My delegation is grateful to you for convening this meeting and thanks Ambassador Jones Parry for introducing the report.
First of all, I take this opportunity to mention that in ten days time, President Lula will take part in a meeting of
the Community of Portuguese-Speaking Countries, the CPLP, in Sao Tome and Principe and pursuing our policy of cooperation and solidarity with Africa, he will also visit Cape Verde and Gabon. West Africa faces us from the other side of the Atlantic and is very close to our hearts and mind. We consider that discussions pertaining to countries of the region should have the full involvement of all Council Members.
Progress being made in Liberia, Sierra Leone and Guinea-Bissau is quite impressive. In Côte d’Ivoire the political
deadlock seemed insurmountable, but having heard USG Guéhenno’s briefing last Tuesday, we have renewed hope that the difficult situation in that country will benefit from the personal involvement of the Secretary-General in Addis Ababa and the upcoming meeting in Accra (29/jul).
We are also very pleased by the active engagement of Heads of State of the region and ECOWAS in the process of assisting Ivoirian parties return to the negotiation table.
In the countries I mentioned poverty and unemployment represent a permanent source of instability and insecurity.
We consider that the Council should be regularly informed about what specific projects are being carried out by UNDP and UN country teams in order to foster economic occupation in the short-term, in particular of young people – who are mostly likely to fall prey to militias and armed groups. Although direct responsibility for development initiatives falls elsewhere within the Organization, their link to peace and security becomes ever more evident. This is why theattention devoted by the Council to development in post-conflict areas should be increased.
We were also very encouraged by the intention of ECOWAS to develop a conflict prevention strategy. It is our expectation that in the future the Council will be working within a framework of conflict-avoidance initiatives and not only of peacekeeping operations.
Cooperation between ECOWAS and the UN Office for West Africa is very welcome and we agree that the Office’s needs for additional resources be looked into as a matter of priority. It seems, however, that having been created upon ECOWAS’ call for a regional approach to threats to peace and security, the Office would benefit from being located in Abuja.
With regard to Guinea-Bissau, our delegation has always stressed the importance of joint work done by the Security
Council and ECOSOC and it is a very positive sign that the mission was undertaken jointly with the Ad-Hoc Advisory
Group. The international community must remain fully engaged in Guinea-Bissau, so that the investment made there is not in vain. The significant progress made in the political transition should not be lost through insufficient economic activity. We call upon the Bretton Woods institutions and development partners to step up their financial and technical assistance to the country, looking forward to a smooth process towards sustainable peace, that will culminate in the presidential elections in March 2005.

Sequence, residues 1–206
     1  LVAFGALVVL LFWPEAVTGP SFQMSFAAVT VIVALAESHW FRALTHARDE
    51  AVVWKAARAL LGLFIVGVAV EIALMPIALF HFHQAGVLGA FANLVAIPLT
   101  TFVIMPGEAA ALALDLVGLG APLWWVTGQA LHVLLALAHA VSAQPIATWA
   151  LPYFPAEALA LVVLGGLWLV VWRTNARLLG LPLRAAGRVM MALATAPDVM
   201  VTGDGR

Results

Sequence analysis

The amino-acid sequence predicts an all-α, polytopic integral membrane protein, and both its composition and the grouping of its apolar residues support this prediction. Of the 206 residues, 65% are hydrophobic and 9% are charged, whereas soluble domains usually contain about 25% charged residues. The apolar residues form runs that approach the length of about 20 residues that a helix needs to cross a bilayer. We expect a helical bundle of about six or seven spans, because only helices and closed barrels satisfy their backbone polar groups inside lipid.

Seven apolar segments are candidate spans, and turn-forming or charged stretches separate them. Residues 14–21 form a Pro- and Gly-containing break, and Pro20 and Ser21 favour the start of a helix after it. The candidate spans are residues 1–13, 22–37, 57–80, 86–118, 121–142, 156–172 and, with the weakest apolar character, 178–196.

A matter of great concern is the large amount of arms held by the population, as the report has indicated. There are
concerns that arms from other countries in the sub-region might be heading to Guinea-Bissau. We wonder if the high
ratio of combatants to weapons noted in Liberia could mean that arms are being smuggled out of one country into another, in particular into those without a UN military presence, as is the case of Guinea and Guinea-Bissau.
The joint mechanisms of cooperation among peacekeeping operations in the region should prevent that from happening. We fully agree with the mission’s recommendation that the Security Council should give consideration to the issue and that ECOWAS should include Guinea-Bissau in its regional policies of containing proliferation. The fact stated in the report that ECOWAS is planning to strengthen its moratorium on small arms and to replace it with a mandatory convention is already a welcome development. The Council should support this initiative.
On the question of a regional approach to cross-border problems, it seems, from the recommendations contained in the report, that the harmonization of various DDRRR [DD, triple R] programs in the region has not progressed as much as expected. It is probably the single most important item of coordination between UN peacekeeping missions in West Africaand it should be constantly pursued and include, as recommended by the Security Council, countries neighboring those emerging from conflict.
Finally, I would like to add, since Brazil chairs the Sanctions Committee for Sierra Leone, that the point raised
in paragraph 42 of the report has also been brought to the attention of the members by the Special Court and the
Committee will be looking into the matter as soon as next week. The Committee will give due consideration to the
request of ‘a priori’ exemption from the travel ban for those under the custody of the Court, shall they need urgent
removal for medical treatment.